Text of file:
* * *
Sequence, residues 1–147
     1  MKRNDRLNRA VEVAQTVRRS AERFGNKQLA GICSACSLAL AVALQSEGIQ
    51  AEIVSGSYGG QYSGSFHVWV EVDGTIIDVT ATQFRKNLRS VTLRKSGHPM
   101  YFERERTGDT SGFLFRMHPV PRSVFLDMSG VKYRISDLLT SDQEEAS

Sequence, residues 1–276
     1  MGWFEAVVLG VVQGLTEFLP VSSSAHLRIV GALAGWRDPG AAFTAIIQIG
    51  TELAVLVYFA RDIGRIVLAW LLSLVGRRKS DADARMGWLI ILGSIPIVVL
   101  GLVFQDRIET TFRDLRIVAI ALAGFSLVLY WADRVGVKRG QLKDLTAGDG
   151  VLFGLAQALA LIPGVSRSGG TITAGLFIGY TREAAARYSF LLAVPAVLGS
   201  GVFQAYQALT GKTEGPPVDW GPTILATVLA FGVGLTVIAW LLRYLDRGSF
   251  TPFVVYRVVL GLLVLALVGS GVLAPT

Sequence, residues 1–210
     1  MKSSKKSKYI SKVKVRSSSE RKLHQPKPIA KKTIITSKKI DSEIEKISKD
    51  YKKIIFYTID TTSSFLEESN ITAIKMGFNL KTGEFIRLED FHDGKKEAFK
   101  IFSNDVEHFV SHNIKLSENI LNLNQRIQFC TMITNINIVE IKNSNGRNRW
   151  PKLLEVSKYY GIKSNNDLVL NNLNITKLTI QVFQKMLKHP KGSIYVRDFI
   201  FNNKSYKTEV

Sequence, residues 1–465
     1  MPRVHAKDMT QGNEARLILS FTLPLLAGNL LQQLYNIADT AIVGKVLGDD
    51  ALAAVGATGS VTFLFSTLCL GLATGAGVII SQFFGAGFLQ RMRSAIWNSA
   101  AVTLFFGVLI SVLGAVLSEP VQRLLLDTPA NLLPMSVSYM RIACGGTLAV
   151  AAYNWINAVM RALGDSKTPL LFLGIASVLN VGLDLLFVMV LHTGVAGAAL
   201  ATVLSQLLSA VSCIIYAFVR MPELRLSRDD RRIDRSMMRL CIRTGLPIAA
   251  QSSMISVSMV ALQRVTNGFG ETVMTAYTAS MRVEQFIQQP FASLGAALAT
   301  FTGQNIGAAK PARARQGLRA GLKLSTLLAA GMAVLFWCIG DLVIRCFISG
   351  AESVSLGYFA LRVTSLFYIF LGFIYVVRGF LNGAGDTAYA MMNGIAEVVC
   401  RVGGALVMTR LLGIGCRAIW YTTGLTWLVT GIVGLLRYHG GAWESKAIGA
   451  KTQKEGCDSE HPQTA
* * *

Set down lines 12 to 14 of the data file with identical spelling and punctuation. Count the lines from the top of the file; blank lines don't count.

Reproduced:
Sequence, residues 1–210
     1  MKSSKKSKYI SKVKVRSSSE RKLHQPKPIA KKTIITSKKI DSEIEKISKD
    51  YKKIIFYTID TTSSFLEESN ITAIKMGFNL KTGEFIRLED FHDGKKEAFK